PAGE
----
1. The second chapter is titled, "An ancient theorem and a modern question." The ancient theorem is the Pythagorean theorem (a2 + b2=c2). As it turns out, the Pythagorean theorem only works if the old idea that "two parallel lines never meet" is true.
The "parallel postulate" goes back to Euclid, the old Greek (c. 300BC). Euclid was not able to prove it. In the 1700s, a man named Girolamo Saccheri devoted much of his mathematical life trying to prove the parallel postulate by pursuing its opposite. That is, he tried to show that if you assumed that parallel lines did meet, it ended with a contradiction. Perhaps he died feeling a failure, for he did not show any contradiction.
After him, another mathematician named Heinrich Lambert (1728-77) continued to develop a geometry in which Euclid's parallel lines do meet. But Carl Friedrich Gauss (1777-1855) would get the credit. Gaussian geometry, also called Lobachevskian geometry after a Russian who also explored it, is a geometry in which parallel lines do meet. It is thus a "non-Euclidean" geometry.
2. Another name for the type of geometry these individuals were developing is called "hyperbolic" geometry, and the key is that they are not exploring lines on a flat plane but on a curved one. In particular, hyperbolic geometry is the kind of geometry you end up with if you are drawing your lines on a saddle type figure. Penrose and the artist Escher (see picture) had some fruitful interchanges that resulted in several of his drawings that have "tesselations" like the one above.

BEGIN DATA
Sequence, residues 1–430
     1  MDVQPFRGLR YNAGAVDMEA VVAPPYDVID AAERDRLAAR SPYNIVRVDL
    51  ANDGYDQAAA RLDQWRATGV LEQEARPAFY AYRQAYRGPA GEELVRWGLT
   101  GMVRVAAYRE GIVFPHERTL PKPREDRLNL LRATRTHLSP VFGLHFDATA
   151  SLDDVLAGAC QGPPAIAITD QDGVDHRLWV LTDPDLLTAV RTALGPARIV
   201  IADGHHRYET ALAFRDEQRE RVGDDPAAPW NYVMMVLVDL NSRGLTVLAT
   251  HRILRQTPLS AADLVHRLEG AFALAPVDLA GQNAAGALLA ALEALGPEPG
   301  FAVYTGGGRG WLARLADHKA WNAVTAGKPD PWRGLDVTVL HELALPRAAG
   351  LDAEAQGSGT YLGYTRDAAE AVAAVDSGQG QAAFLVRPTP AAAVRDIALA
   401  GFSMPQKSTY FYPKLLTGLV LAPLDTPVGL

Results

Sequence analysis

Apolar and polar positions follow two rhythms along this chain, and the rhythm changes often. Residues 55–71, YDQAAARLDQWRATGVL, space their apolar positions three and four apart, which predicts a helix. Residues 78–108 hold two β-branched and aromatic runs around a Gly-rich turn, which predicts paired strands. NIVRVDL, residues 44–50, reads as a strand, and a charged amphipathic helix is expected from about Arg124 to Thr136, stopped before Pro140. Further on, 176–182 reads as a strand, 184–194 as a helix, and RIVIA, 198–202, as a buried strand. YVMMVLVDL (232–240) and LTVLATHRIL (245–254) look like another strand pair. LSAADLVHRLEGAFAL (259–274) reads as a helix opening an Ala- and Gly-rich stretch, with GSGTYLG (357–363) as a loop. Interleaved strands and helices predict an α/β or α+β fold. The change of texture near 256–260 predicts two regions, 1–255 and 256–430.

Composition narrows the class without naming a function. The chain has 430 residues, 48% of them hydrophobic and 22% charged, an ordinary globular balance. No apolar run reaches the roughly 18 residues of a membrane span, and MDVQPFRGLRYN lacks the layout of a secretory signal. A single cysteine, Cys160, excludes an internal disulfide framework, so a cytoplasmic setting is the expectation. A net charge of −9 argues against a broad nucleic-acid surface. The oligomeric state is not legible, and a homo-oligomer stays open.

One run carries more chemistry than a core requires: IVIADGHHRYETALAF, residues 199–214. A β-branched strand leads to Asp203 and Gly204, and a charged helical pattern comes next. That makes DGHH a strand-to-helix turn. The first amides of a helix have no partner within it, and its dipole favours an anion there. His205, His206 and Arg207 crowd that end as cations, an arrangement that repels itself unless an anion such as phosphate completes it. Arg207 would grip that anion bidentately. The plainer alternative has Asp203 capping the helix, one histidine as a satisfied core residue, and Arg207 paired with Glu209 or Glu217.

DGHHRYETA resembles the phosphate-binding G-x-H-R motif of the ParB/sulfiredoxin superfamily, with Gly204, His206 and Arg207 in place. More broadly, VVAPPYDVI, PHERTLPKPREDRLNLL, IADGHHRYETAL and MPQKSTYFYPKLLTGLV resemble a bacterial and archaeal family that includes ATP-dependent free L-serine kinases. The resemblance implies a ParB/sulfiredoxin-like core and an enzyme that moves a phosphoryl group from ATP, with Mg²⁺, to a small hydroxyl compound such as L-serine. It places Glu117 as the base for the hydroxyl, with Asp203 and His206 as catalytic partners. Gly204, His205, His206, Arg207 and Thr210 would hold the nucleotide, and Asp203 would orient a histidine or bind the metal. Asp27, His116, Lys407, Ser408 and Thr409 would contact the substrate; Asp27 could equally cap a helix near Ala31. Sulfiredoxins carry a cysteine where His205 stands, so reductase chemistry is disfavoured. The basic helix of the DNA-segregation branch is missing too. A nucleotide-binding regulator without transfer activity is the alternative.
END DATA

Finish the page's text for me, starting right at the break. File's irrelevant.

From a Euclidean perspective, it looks like the fish get smaller and smaller as you approach the edges, but in fact this is an allusion caused by flattening out the saddle. In reality each fish perceives itself to be the same size as all the other fish. Similarly, the boundary is artificial because of the flattening. In reality, the fish go on forever.
3. There are two ways, if I am understanding correctly, of representing this hyperbolic saddle geometry in a flattened, Euclidean plane. The one way is called conformal and the other projective. The conformal representation has all the lines hitting the boundary circle at right angles and the lines are curved. Some sense of proportion is retained.
The other model, the projective, flattens the figure even more. The lines are straight rather than the curved lines of the conformal. The angles are distorted.
So if there is Euclidean geometry (flat), hyperbolic geometry (like a saddle), there is also spherical or elliptical geometry. Parallel lines meet on a sphere and thus defy Euclid's fifth postulate.
4. I won't pretend to understand everything in this chapter. Penrose is trying to be clear but he needs a translator. :-) The reason for the chapter is the fact that physical space exemplifies some non-Euclidean features when we get into Einstein's general relativity. He is laying some ground work for things to come.
There is debate as to whether the universe as a whole is Euclidean, hyperbolic, or elliptical. The majority I believe are currently leaning Euclidean. But I'm guessing that Penrose is a hyperbolic guy.